• Lang. Common
    • Skills
    • Str 13 (+1)
    • Dex 16 (+3)
    • Wis 13 (+1)
    • Con 15 (+2)
    • Int 6 (--2)
    • Cha 8 (--1)
    • Equipment ---
    • Tactics A beelion prefers to begin a fight in the air, choosing a landing spot that gives it a positional advantage. It tries to stay in a flanking position with its allies while surrounding itself with enemies to target with its lion's frenzy.
      Source Weekly What the Heck
    • Created with DungeonMastering.com's DM Tools

Two other things I took away from this fight:
1) Goliath wardens can soak sick amounts of damage.
2) Maxed-Cha bards make clerics and warlords look like healing amateurs.

Wednesday, August 12, 2009

Jeffs Phrase of the Day

This is a response to Jeff Rients phrase of the day on Jeffs Gameblog on August 6. Here are some "supplementary amounts of wild ass"...
- ChaoticBlackSheep

Sunday, July 26, 2009

The Weekly What the Heck: An Updated Overview

Since I'm on hiatus, this seems like a good time to update the master Weekly What the Heck monster list.

Here's the updated level/role breakdown of all the monsters. The names that are links link to the original post on this site. The level/role links link to the reformatted stat card at tools.dungeonmastering.com (free login required) for easy printing. My plan is to update this post as often as I can until all the monsters have been put in Yax's database and all the names and levels/roles are links:

Laughing Lambchop Lizard
Level 1 Lurker
Eye Mite Midge
Level 1 Minion
Saeggan Genesis
Level 1 Soldier
Beelion
Level 1 Elite Skirmisher
Doppelganger Freak
Level 1 Skirmisher

Laughing Lambchop Lizard ... of Lightning
Level 2 Artillery
Pixie of the Styx
Level 2 Elite Artillery
Emo Monkey
Level 2 Controller
Saber-Tooth Lycotaur
Level 2 Controller
Pixie Trickster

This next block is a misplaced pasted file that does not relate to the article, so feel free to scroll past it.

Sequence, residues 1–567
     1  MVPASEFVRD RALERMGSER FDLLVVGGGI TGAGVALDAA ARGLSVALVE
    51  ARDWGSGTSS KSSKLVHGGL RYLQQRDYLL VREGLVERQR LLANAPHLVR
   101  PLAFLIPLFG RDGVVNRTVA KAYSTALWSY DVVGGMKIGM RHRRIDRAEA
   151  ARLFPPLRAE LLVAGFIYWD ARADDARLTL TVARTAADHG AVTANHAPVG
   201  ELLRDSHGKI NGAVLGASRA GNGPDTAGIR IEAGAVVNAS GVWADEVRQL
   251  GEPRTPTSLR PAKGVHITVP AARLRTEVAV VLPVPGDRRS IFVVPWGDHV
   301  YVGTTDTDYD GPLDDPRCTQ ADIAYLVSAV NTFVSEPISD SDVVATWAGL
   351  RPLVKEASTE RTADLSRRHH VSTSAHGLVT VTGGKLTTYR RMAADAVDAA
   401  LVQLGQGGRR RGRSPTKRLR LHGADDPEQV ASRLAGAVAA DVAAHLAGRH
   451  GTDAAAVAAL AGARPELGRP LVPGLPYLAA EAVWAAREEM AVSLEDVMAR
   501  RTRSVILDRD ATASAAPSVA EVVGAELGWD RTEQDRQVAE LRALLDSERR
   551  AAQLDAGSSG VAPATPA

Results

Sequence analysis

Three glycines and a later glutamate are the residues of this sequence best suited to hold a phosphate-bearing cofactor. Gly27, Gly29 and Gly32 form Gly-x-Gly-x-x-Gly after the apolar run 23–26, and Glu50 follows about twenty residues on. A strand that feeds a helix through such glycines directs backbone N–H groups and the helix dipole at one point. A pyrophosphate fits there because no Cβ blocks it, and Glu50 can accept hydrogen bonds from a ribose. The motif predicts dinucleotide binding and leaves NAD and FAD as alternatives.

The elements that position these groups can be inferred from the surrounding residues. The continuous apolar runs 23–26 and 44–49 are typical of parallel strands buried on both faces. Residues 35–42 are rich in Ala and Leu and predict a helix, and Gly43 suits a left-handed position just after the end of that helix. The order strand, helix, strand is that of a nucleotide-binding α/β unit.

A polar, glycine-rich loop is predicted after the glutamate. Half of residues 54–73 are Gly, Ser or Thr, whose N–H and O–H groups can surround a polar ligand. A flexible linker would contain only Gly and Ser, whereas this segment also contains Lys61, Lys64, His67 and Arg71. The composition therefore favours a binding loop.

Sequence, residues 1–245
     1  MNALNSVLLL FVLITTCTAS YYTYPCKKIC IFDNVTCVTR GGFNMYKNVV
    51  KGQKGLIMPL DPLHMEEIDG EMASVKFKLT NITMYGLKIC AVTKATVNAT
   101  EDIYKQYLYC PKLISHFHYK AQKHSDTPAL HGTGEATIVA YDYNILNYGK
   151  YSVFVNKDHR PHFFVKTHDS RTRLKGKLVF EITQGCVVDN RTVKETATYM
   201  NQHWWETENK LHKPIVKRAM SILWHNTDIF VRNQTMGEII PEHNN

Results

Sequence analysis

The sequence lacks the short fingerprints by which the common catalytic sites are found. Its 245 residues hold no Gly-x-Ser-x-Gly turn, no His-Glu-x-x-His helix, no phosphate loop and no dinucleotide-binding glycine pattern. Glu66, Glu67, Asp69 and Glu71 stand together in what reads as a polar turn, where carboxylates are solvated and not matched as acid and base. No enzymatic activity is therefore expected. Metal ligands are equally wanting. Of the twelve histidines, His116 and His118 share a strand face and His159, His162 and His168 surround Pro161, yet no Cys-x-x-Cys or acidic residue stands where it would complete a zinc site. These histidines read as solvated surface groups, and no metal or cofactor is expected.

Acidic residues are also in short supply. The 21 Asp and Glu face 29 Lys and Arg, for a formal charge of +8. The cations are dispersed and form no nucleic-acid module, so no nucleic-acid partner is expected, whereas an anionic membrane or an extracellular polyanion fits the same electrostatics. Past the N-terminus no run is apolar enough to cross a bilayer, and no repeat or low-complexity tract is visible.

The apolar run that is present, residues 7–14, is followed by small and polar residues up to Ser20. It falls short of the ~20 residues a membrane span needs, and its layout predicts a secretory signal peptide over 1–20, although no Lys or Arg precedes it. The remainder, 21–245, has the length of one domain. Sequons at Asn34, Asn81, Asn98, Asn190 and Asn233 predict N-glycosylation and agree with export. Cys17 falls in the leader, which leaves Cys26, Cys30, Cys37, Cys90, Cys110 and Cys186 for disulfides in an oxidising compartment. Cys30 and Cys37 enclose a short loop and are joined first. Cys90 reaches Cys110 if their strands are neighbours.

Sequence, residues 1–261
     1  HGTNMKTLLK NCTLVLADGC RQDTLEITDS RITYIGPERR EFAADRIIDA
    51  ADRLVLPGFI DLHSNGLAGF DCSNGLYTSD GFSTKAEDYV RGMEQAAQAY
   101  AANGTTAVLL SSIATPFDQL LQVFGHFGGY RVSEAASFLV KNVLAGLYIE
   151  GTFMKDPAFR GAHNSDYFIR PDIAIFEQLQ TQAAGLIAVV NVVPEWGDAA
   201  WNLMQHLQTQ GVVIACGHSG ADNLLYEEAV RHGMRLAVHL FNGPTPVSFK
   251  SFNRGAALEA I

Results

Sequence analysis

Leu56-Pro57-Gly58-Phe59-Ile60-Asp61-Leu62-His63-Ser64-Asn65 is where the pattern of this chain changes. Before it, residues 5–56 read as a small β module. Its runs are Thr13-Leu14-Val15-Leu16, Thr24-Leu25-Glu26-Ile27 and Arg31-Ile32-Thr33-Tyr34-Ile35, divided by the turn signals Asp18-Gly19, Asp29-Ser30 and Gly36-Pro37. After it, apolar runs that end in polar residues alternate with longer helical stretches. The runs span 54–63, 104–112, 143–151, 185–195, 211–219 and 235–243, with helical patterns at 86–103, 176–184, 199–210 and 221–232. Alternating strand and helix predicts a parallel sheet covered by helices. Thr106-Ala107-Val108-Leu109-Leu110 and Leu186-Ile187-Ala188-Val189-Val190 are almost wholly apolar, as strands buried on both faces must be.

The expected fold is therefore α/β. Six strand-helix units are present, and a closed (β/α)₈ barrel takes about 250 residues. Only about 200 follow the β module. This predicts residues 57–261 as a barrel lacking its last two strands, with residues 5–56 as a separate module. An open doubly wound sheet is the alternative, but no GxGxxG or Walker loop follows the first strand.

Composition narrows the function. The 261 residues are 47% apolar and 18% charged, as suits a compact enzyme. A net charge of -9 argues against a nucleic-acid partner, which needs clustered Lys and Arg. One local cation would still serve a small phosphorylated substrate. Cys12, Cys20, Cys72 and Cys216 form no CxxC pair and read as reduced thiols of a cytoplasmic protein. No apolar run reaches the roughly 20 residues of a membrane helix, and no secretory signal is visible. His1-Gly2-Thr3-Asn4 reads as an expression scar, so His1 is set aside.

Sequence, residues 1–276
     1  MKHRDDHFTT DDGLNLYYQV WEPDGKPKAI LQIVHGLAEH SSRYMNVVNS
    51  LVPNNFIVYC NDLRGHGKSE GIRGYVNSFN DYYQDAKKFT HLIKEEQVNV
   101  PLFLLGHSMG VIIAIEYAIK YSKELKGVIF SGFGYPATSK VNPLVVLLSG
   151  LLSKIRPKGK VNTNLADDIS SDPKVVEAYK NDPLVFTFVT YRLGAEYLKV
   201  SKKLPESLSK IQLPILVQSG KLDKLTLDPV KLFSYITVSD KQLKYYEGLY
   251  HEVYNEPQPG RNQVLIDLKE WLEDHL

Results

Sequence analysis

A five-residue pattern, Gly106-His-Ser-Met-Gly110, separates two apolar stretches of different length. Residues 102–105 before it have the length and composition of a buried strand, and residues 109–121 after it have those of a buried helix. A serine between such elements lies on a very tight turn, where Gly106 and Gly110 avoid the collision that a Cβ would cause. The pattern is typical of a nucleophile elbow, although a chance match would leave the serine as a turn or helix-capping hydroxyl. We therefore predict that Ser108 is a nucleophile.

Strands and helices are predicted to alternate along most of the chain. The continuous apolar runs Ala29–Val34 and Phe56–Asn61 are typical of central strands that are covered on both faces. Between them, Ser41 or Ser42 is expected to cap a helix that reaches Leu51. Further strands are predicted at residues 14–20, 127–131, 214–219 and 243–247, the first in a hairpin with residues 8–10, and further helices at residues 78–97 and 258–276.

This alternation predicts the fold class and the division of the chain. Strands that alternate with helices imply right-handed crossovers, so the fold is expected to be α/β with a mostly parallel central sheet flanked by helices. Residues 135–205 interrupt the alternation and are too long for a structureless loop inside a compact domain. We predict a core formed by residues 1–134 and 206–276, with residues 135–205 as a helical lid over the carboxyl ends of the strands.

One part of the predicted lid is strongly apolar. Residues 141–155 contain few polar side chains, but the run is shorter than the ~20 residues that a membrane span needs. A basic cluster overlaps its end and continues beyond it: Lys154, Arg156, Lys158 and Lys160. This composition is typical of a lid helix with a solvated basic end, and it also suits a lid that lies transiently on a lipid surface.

Level 2 Lurker
Ridgeback Loper
Level 2 Skirmisher
Archaic Gastropod
Level 2 Soldier

Trimandibular Praying Mantelope
Level 3 Brute
Saeggan Dreamcaster
Level 3 Controller
Scorpire Vampion
Level 3 Controller
Scorpire Scuttler
Level 3 Lurker
Sapient Sloth Commoner
Level 3 Minion
Nutrition Bulb
Level 3 Minion

Xenomoeba Larva
Level 4 Brute
Goth Emo Monkey
Level 4 Controller
Pyrosphynx Cub
Level 4 Lurker
Spore Bulb
Level 4 Minion
Student of the Path
Level 4 Skirmisher
Undead Chicken
Level 4 Skirmisher

Turkatrice
Level 5 Brute
Wallowing Merhog
Level 5 Elite Brute
Wraithpunzel
Level 5 Lurker

Dire Orcish Knucklewalker
Level 6 Brute
Emo Ghoul
Level 6 Brute
Ridgeback War Machine
Level 6 Brute
Greholdusa
Level 6 Controller
Orcish Knucklewalker Swarm
Level 6 Skirmisher
Merdragoblinborn Ecclesiastic
Level 6 Soldier

Necrotic Xenomoeba
Level 7 Elite Brute
Ravenous Pelicgizard
Level 7 Brute
Monkicore
Level 7 Controller
Scorpire Viscount
Level 7 Lurker (L)
Jamuzavdu (Speed Demon)
Level 7 Skirmisher

Pyrosphynx Sun Lion
Level 8 Brute
Stumper
Level 8 Controller
Sextuple-Finned Hammerhead Fish
Level 8 Lurker
Merdragoblinborn Follower
Level 8 Minion
Were Saber-Tooth Lycotaur
Level 8 Skirmisher

Fireblooded Monkicore
Level 9 Artillery
Merdragoblinborn Schoolmaster
Level 9 Controller (L)
Snake Mahjicocl Soloist
Level 9 Controller
Christmas Treant Shrub
Level 9 Lurker

Cycloptic Elephantaur Gawker